They Gave Him a Gun

They Gave Him a Gun is a 1937 American crime drama film directed by W. S. Van Dyke and starring Spencer Tracy, Gladys George, and Franchot Tone. The picture bears a resemblance to later films noir in its dark theme regarding the struggles and failures of a man trying to take a criminal shortcut to the American dream. The screenplay was written by Cyril Hume, Richard Maibaum, and Maurice Rapf, based on the 1936 book of the same name by William J. Cowen.[2][3]

They Gave Him a Gun
Theatrical release poster
Directed byW. S. Van Dyke
Produced byHarry Rapf
Written byCyril Hume
Richard Maibaum
Maurice Rapf
Based onThey Gave Him a Gun
1936 novel
by William J. Cowen
StarringSpencer Tracy
Gladys George
Franchot Tone
Music bySigmund Romberg
CinematographyHarold Rosson
Edited byBen Lewis
Distributed byMetro-Goldwyn-Mayer
Release date
  • May 7, 1937 (1937-05-07)
Running time
94 minutes
CountryUnited States
Box office$1,313,000[1]


The movie begins in World War I when a young man named Jimmy (Franchot Tone) unexpectedly becomes a hero by killing all the Germans in a machine gun nest. But he is then severely wounded and spends time in a hospital being cared for by a nurse, Rose (Gladys George), with whom he falls in love. But she is really in love with Jimmy’s buddy, Fred (Spencer Tracy), a carnival barker. However, when Fred doesn't return from the battlefield, the two think he’s been killed (when he was merely captured) and so they make wedding plans. Then when Fred returns he decides to support Jimmy and Rose marrying, even though it breaks his heart. After the war Fred meets up with Jimmy again and discovers that Jimmy is a racketeer who uses his battle skills to commit murder. So he tells Rose, who had no idea. She then reports her husband to the police so he will go to prison and be reformed. But Jimmy breaks out of prison and tries to take Rose on the lam with him. At this point Fred intervenes. Jimmy, feeling undeserving, commits suicide by police.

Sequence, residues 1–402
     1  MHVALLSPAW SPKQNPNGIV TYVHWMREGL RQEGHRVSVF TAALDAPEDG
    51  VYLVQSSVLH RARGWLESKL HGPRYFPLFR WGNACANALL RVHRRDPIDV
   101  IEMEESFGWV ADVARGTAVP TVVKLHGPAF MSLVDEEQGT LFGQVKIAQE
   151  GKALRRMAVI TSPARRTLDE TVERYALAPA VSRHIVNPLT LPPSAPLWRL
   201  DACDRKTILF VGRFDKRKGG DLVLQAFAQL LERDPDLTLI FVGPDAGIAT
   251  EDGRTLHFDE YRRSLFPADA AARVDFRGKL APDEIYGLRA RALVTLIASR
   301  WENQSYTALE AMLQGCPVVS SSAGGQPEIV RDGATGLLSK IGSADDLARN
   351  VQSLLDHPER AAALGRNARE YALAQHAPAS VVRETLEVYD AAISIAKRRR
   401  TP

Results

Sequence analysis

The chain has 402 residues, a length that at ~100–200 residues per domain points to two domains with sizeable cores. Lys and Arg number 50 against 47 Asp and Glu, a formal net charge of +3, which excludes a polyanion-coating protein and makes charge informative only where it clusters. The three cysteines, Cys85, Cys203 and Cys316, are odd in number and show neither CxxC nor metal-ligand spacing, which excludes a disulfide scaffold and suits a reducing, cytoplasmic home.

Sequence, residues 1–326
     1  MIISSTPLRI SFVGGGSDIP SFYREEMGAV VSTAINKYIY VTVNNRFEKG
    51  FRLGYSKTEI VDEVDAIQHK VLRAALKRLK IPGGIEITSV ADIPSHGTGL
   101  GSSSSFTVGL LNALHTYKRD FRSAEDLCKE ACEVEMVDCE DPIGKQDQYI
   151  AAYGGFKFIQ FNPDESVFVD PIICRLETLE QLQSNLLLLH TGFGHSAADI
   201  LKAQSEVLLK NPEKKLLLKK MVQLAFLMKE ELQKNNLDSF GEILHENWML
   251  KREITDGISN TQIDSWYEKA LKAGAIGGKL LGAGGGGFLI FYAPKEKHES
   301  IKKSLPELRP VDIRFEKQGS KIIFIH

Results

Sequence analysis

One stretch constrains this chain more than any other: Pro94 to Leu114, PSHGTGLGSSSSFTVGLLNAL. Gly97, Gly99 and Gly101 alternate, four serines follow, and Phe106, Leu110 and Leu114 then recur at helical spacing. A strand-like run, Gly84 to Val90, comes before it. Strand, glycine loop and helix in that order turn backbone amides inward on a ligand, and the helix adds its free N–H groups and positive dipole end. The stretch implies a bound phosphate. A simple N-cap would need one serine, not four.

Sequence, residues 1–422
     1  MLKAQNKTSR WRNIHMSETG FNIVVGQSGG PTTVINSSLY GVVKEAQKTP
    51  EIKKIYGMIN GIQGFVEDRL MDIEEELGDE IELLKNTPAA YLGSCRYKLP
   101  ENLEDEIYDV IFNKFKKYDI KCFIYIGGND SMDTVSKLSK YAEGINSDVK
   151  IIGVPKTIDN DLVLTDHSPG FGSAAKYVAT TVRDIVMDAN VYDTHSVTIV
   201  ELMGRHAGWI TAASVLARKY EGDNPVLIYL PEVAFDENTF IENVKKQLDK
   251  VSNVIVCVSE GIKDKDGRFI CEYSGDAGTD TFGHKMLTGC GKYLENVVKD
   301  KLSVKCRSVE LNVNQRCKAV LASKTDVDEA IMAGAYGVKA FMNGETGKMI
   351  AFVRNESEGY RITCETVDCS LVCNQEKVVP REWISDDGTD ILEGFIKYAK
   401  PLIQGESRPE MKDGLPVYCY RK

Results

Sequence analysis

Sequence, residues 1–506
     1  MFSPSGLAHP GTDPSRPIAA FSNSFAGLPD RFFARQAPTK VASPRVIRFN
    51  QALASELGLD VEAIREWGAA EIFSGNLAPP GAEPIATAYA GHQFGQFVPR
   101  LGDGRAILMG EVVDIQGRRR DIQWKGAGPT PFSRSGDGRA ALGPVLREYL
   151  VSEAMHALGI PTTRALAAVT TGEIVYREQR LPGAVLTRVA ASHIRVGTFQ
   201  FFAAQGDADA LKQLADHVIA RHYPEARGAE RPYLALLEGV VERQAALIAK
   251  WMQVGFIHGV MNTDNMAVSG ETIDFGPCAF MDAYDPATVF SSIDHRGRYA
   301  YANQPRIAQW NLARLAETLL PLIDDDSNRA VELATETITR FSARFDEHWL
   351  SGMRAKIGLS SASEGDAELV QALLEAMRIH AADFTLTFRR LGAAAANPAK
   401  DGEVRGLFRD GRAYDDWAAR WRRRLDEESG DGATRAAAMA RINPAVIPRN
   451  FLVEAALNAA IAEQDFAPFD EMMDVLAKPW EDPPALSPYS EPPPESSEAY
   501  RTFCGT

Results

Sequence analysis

Box office

According to MGM records the film earned $718,000 in the US and Canada and $595,000 elsewhere resulting in a profit of $253,000.[1]


  1. The Eddie Mannix Ledger, Los Angeles: Margaret Herrick Library, Center for Motion Picture Study.
  2. Borde, Raymond; Chaumeton, Etienne (2002). A Panorama of American Film Noir (1941-1953). City Lights Books. p. 220. ISBN 0-872-86412-X.
  3. Goble, Alan, ed. (1999). The Complete Index to Literary Sources in Film. Walter de Gruyter. p. 980. ISBN 3-110-95194-0.

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